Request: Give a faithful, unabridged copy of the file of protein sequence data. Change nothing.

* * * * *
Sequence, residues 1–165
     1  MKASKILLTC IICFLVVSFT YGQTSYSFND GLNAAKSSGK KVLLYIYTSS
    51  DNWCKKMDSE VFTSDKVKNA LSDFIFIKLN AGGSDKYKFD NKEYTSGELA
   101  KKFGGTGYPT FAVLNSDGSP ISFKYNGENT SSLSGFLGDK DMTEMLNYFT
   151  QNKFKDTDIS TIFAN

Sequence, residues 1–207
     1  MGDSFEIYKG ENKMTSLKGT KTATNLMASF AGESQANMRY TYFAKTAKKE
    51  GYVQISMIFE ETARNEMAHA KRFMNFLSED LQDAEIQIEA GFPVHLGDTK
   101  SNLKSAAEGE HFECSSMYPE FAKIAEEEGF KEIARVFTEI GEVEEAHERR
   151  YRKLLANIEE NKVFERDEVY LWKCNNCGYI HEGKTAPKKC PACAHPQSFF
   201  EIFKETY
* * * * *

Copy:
Sequence, residues 1–165
     1  MKASKILLTC IICFLVVSFT YGQTSYSFND GLNAAKSSGK KVLLYIYTSS
    51  DNWCKKMDSE VFTSDKVKNA LSDFIFIKLN AGGSDKYKFD NKEYTSGELA
   101  KKFGGTGYPT FAVLNSDGSP ISFKYNGENT SSLSGFLGDK DMTEMLNYFT
   151  QNKFKDTDIS TIFAN

Sequence, residues 1–207
     1  MGDSFEIYKG ENKMTSLKGT KTATNLMASF AGESQANMRY TYFAKTAKKE
    51  GYVQISMIFE ETARNEMAHA KRFMNFLSED LQDAEIQIEA GFPVHLGDTK
   101  SNLKSAAEGE HFECSSMYPE FAKIAEEEGF KEIARVFTEI GEVEEAHERR
   151  YRKLLANIEE NKVFERDEVY LWKCNNCGYI HEGKTAPKKC PACAHPQSFF
   201  EIFKETY